do by default and should be a separate issue (perhaps proposing such
an addition to the subprocess module).
msg193459 - (view) Author: Marc Abramowitz (Marc.Abramowitz) * Date: 2013-07-21 17:17
I agree also that io is a good place for the basic version that doesn't do file descriptor stuff and maybe the fancy file descriptor stuff should be a separate issue and should go in subprocess.

To move this along and generate more discussion, I took code from Nick earlier in the thread and made a little patch and a test program and put it in a gist:

If folks like that, I can convert the test program into an automated test. 

What do you guys think?
msg193460 - (view) Author: Marc Abramowitz (Marc.Abramowitz) * Date: 2013-07-21 17:19
Oops, Nick => Brett.
msg193472 - (view) Author: Nick Coghlan (ncoghlan) * (Python committer) Date: 2013-07-21 23:05
A good start, but:

1. io is too low level to depend on unittest (or even contextlib), as
anything it imports will be imported automatically at interpreter startup.
The context manager will need to be written out directly as a class with
the appropriate methods.

2. The name based API should accept the unqualified name and throw a value
error if an unexpected name is passed in.

3. The stdin replacement should have a separate optional keyword-only
"data" argument to request wrapping with StringIO, rather than duck typing
the replacement value.
msg193475 - (view) Author: Marc Abramowitz (Marc.Abramowitz) * Date: 2013-07-21 23:58
Thanks Nick! I'll work on applying your suggestions a little later. And I'll add a note about it not working with subprocesses because I realized that I forgot to do that. 

Regarding redirect_stdfile, which is presumably what you meant by "name-based API", I started out with unqualified names like 'stdout', etc. I went with the qualified name as an attempt at making it more general (i.e.: if folks perhaps wanted to use this for something other than sys files) - I don't know whether or not this is useful - I don't have a use case in mind (anyone else got one?) - so I don't know if qualified names brings anything useful or not but that was the thinking. Thoughts on this are welcome.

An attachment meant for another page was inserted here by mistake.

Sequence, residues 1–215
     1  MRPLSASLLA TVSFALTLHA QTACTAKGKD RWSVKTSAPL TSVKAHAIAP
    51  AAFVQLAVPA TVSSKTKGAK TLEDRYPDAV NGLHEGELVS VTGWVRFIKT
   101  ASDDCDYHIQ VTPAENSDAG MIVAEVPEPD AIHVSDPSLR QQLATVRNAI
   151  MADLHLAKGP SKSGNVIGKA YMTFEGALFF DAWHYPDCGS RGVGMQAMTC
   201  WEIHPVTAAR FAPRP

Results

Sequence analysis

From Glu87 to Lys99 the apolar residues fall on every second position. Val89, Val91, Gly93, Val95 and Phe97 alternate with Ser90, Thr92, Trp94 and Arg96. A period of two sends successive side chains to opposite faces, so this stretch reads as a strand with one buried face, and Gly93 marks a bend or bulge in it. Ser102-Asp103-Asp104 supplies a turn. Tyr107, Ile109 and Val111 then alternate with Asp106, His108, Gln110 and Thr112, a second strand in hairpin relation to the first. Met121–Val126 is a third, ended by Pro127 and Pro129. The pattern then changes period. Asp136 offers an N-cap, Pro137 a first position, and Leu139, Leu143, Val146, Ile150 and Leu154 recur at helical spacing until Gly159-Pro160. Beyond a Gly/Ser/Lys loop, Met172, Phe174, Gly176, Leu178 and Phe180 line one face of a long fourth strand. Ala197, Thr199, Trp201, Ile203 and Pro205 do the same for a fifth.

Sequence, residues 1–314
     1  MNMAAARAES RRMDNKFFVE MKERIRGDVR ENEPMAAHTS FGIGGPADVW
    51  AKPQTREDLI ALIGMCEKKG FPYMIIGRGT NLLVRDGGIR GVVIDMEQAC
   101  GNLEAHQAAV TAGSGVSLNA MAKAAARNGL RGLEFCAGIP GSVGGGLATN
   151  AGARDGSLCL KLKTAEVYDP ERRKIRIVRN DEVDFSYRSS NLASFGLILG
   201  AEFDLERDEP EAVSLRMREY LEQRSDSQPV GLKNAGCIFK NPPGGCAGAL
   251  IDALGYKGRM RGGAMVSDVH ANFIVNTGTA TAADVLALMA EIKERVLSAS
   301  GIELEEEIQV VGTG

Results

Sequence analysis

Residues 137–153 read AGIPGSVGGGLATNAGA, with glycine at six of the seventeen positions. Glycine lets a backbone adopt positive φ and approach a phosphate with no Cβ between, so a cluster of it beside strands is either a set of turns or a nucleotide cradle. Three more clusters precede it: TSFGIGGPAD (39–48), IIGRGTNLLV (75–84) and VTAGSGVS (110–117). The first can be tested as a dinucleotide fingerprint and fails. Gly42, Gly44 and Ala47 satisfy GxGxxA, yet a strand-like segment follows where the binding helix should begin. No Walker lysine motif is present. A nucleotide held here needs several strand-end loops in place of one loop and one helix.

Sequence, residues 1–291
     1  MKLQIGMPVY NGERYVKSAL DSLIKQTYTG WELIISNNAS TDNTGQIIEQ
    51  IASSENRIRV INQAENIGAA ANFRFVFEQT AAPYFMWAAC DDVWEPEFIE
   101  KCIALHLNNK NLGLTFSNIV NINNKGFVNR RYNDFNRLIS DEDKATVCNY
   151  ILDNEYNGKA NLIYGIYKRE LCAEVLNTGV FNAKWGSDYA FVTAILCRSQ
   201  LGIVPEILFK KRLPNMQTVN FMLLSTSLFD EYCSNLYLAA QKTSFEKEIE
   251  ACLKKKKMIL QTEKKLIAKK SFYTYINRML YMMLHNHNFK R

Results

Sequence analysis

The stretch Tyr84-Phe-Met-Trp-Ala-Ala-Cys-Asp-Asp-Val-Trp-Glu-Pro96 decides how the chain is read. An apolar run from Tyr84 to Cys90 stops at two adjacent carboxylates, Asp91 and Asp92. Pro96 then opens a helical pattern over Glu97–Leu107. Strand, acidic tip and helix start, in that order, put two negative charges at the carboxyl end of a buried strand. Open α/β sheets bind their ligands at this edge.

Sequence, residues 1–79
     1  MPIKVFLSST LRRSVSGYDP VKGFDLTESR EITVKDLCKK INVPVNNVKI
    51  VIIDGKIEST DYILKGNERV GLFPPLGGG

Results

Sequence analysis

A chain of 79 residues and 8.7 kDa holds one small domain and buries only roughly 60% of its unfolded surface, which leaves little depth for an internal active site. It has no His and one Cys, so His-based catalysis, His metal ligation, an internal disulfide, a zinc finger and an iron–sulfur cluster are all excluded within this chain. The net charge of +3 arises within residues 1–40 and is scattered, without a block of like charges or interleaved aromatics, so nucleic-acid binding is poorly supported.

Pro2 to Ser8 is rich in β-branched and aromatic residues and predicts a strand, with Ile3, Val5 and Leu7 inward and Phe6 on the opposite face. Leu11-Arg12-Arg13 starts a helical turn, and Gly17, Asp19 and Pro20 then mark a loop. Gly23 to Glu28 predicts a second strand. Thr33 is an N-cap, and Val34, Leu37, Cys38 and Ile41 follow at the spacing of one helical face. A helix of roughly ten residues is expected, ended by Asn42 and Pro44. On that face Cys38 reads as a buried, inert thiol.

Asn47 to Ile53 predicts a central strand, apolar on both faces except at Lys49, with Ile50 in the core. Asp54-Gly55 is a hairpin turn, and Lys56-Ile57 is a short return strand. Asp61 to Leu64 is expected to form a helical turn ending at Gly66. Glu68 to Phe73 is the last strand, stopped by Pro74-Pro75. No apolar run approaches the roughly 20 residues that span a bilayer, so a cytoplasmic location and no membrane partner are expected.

msg193476 - (view) Author: Raymond Hettinger (rhettinger) * (Python committer) Date: 2013-07-22 00:12
I'm thinking that PrintRedirect is a better name because it coincides with the intent of the primary use case.  The more computer-sciency you make the name, the more it becomes opaque to everyday users.
msg193488 - (view) Author: Nick Coghlan (ncoghlan) * (Python committer) Date: 2013-07-22 02:43
As Raymond noted, we should resist the temptation to generalise this too much - generalisation almost always comes at the cost of making any *specific* case harder (consider the difference between the complexity of the "support any URL scheme" model in urllib and urllib2 and the relatively API simplicity of the higher level HTTP/HTTPS focused requests module).

I'm wary of calling it "PrintRedirect" though, as I believe that's actively misleading: swapping sys.stdout for something else affects more than just the print builtin, and if a particular print call uses the "file" parameter, then the redirection of sys.stdout will have no effect.

"Redirection" in general is a bit of a misnomer for what the context manager is doing.

So, here's a concrete API suggestion and implementation: